While there are as many instructional design theories and models, top instructional designers do not adhere to any one of them, but instead choose the model that best suits the specifics of a course’s audience and content. In this post, I will briefly cover some of the most popular models that instructional designers use.
ADDIE is the classic model. ADDIE stands for Analysis, Design, Development, Implementation, and Evaluation. In the Analysis phase, instructional designers clarify problems, define goals and objectives, and collect necessary data. In the Design phase, they write objectives, and create the structure and sequencing of the course. At the end of this phase, they will have a blueprint for the course and its delivery methods. In the Development phase, instructional designers bring their design to life by assembling all the course elements into a compelling eLearning module. Just like the name suggest, in the Implementation phase, the course is delivered to its audience. And, finally, in the Evaluation phase, the effectiveness of the course is assessed by measuring the level of audience’s learning and retention. Although Evaluation is the last stage in ADDIE, it should actually be performed throughout the design process.
The ASSURE model is based on Gagné’s Nine Events of Instruction. It assumes that the course design uses different types of media and is especially useful for designing eLearning materials. ASSURE stands for: Analyzing Learners, Stating Objectives, Select Media and Materials, Utilizing Media and Materials, Requiring Learner Participation, and Evaluating and Revising the course.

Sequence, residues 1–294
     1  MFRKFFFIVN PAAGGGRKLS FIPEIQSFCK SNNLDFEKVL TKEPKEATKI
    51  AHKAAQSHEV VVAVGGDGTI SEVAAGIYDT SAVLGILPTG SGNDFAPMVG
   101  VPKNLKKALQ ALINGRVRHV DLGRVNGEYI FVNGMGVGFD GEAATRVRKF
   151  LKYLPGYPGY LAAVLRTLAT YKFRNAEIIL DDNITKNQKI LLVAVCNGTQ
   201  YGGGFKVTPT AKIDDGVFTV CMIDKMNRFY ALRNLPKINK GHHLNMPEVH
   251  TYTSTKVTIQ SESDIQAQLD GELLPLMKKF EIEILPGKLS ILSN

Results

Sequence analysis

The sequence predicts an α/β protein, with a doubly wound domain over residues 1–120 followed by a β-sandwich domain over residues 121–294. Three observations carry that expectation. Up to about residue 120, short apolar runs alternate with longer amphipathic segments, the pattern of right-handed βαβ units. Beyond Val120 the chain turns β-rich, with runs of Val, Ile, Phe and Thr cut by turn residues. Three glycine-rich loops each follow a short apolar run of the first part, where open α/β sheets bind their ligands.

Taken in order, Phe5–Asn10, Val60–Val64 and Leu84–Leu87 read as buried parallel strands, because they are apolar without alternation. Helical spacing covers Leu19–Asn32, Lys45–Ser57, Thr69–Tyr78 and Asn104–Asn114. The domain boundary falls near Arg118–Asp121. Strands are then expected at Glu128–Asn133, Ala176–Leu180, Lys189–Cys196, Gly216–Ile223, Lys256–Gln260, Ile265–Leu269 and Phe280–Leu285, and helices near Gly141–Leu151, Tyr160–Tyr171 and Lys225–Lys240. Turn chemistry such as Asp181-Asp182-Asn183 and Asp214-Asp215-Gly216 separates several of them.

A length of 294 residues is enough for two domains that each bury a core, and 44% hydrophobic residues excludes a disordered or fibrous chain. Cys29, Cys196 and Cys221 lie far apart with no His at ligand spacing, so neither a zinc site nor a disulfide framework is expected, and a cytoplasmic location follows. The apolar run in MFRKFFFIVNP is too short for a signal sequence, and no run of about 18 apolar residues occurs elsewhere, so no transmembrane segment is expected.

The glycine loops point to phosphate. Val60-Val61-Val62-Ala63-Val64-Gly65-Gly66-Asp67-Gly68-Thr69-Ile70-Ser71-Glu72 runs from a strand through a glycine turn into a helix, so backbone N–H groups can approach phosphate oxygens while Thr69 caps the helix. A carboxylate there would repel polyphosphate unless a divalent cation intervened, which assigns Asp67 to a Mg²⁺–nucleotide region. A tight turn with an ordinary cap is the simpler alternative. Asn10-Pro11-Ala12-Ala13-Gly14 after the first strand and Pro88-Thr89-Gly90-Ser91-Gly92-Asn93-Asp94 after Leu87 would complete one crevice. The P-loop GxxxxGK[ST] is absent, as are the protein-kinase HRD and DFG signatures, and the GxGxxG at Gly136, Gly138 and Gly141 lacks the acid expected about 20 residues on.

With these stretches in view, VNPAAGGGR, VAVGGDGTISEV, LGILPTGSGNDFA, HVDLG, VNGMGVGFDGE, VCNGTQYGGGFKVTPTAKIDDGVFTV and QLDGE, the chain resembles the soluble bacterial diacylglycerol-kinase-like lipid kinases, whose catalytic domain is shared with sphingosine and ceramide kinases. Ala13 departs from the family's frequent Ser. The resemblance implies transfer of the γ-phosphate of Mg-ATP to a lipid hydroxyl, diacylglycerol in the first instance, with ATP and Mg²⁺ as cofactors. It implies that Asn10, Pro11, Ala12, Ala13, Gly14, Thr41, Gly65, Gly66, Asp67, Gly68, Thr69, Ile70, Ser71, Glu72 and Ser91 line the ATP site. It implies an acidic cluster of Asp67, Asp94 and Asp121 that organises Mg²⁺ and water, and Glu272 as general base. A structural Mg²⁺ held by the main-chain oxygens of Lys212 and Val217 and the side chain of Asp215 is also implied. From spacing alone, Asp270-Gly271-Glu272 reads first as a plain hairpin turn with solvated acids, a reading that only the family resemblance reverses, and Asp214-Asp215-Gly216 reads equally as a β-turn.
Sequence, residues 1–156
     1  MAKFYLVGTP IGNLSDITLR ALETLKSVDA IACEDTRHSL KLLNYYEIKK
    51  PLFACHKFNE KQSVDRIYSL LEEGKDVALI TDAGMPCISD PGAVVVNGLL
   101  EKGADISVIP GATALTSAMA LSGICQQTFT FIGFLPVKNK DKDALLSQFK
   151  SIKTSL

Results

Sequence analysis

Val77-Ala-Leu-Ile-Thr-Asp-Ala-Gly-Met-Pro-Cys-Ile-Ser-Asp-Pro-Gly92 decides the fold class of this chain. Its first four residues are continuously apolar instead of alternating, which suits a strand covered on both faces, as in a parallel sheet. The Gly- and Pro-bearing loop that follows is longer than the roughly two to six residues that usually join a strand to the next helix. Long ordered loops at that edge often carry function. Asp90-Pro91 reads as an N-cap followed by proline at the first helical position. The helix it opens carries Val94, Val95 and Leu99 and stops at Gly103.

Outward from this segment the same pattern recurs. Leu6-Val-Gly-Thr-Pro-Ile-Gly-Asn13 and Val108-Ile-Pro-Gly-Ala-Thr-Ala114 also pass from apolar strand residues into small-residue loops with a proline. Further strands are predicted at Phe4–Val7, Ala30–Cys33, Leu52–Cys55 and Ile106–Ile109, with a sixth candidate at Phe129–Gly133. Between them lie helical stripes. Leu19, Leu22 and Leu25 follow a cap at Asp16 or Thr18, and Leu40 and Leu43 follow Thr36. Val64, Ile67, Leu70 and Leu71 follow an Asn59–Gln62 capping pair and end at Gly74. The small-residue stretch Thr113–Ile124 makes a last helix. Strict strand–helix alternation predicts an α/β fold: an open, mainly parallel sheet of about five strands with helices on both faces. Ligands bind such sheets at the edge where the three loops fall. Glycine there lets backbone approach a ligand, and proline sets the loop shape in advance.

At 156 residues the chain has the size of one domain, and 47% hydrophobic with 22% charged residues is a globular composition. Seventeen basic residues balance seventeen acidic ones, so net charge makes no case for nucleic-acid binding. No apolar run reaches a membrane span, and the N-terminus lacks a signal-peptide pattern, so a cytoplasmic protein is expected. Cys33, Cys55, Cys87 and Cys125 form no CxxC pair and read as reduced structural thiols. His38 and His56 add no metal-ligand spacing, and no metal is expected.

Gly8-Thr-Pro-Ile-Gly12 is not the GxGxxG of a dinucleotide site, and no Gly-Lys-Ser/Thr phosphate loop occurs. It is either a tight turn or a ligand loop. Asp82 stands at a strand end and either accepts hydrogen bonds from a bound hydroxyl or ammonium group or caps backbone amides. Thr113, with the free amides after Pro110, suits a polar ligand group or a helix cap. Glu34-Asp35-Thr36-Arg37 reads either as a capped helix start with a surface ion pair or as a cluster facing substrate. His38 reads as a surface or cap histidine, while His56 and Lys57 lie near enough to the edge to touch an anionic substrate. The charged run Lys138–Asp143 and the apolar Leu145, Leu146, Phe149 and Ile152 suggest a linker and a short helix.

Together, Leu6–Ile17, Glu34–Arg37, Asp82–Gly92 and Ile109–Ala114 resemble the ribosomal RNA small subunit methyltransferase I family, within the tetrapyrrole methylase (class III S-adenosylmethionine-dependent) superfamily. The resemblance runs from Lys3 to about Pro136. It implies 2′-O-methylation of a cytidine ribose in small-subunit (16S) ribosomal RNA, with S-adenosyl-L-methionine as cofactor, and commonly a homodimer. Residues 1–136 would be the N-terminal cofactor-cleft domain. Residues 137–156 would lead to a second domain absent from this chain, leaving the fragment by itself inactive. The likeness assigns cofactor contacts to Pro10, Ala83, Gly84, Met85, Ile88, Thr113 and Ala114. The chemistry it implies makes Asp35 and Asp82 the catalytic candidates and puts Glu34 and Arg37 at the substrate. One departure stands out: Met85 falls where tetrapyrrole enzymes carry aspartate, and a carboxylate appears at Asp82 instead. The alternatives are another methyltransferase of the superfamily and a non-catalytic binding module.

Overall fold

3. Rapid ISD Model
The Accelerated Learning Rapid Instructional Design (RID) Model is ideal for those who work with tight deadlines, a limited budget, and constantly changing content. This model is all about accelerated learning design strategies and shortcuts. There are four phases in the RID model. They are: Preparation, Presentation, Practice, and Performance
4. The Four-Door (4D) ELearning Model
The Four-Door (4D) ELearning Model developed by Thiagi is another eLearning model that allows professionals to develop eLearning courses cheaply and rapidly while addressing different types of learners. According to this model, learners have full control of course navigation. The four doors in this model are the Library, Café, Playground, and Evaluation Center. However, you can change these names depending on the training needs. Learners can enter any of the doors they want based on their personal preference, background knowledge, and experience.
My book Instructional Design for ELearning (yourelearningworld.com/books) discusses each of the aforementioned models in detail. It also covers other ISD models that have not been addressed in this post.